The country’s milk production has gone up by about 14 percent to around 90 million litres, thereby cutting on the need to import, figures released by the Zimbabwe Association of Dairy farmers show.
The development is a positive step towards achieving self-sufficiency in terms of the country’s milk needs.
The country’s annual national milk requirements are at least 130 million litres per year and interventions being put in place aimed at restoring business confidence are set to help achieve the target.
The Zimbabwe Association of Dairy Farmers said milk production increased from 79,6 million litres in 2021 to more than 91 million litres in 2022.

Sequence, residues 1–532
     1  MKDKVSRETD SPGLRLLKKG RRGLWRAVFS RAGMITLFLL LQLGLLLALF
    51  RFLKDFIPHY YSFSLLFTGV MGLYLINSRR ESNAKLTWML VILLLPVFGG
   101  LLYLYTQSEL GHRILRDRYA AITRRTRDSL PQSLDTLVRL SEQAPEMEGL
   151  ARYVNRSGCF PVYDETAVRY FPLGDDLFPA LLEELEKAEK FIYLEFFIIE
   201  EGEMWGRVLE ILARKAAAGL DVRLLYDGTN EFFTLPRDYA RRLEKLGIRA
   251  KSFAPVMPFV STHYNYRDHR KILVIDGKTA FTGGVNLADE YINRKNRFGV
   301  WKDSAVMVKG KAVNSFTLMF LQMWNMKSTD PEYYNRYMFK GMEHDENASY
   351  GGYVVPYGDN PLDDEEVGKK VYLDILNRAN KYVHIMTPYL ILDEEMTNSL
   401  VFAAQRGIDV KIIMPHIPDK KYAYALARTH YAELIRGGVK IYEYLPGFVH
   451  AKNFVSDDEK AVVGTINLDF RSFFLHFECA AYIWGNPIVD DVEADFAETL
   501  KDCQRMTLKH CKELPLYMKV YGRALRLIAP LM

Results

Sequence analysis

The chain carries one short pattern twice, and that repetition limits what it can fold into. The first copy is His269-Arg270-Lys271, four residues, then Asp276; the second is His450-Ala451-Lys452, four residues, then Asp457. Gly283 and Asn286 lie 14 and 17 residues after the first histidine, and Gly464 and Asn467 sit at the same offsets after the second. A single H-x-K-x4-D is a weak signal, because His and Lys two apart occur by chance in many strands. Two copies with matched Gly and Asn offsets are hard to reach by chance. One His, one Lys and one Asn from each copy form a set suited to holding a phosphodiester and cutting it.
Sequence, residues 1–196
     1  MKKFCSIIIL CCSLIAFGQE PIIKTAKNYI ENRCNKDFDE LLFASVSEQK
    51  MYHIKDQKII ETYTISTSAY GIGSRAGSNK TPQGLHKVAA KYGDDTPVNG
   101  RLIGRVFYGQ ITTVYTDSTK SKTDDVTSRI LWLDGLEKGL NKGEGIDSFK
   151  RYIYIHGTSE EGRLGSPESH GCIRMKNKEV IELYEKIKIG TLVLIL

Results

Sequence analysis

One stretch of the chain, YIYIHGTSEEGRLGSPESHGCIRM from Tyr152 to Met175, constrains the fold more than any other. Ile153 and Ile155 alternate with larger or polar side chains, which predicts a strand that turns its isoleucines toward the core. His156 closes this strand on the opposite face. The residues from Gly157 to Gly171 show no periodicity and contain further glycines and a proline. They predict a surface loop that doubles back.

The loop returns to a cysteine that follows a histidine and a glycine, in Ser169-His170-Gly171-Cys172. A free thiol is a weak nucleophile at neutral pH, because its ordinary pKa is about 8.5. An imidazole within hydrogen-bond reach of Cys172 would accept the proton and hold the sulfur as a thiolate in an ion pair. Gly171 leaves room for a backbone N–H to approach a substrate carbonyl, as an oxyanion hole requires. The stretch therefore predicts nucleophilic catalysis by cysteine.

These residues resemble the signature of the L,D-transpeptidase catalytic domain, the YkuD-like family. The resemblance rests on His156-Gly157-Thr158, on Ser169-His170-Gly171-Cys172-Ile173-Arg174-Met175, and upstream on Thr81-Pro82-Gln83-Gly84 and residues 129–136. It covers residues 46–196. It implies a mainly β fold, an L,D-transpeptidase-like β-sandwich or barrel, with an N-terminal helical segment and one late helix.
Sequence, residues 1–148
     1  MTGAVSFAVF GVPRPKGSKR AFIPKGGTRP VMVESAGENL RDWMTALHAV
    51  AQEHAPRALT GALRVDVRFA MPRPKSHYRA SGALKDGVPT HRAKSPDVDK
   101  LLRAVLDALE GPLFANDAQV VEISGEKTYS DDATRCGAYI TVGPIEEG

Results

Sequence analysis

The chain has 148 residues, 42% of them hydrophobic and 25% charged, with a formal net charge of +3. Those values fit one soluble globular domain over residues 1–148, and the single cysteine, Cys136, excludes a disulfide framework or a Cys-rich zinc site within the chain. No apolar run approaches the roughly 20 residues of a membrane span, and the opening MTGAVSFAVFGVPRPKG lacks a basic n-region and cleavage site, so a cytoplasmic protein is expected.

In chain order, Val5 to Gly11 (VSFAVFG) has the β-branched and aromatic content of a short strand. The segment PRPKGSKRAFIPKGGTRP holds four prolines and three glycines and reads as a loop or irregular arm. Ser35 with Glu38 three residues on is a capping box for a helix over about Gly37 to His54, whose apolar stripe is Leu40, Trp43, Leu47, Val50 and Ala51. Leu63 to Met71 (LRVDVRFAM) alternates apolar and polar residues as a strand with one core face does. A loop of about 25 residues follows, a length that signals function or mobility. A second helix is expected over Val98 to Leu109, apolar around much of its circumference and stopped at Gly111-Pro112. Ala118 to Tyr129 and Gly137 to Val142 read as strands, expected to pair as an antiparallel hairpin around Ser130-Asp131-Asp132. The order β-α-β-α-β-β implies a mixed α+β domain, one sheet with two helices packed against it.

“The increase in milk production is mainly due to improved health management systems, availing of a dairy revitalisation fund, improved productivity per cow herd, Presidential and command silage schemes among other factors,” said Paidamoyo Chadoka, the association’s chief executive officer.
Increased local production has seen milk powder imports dropping by 17 percent from 8,9 million kilogrammes in 2021 to 7,4 million kilogrammes in 2022, thereby saving foreign currency and consolidating the current gains.
“Easing or reducing milk powder imports will have a net effect in terms of ensuring that the current gains are sustained, however, benefits of reduced import bill include saving hard cash, creating more jobs and generating revenue to the treasury from taxes,” said Dr Nyasha Kaseke, University of Zimbabwe’s Business School chairman.
Affordable production costs, favourable pricing systems, increased access to finance and stable energy supplies are factors that will aid the viability of the milk industry in the future.
Credits : Zimbabwe Now.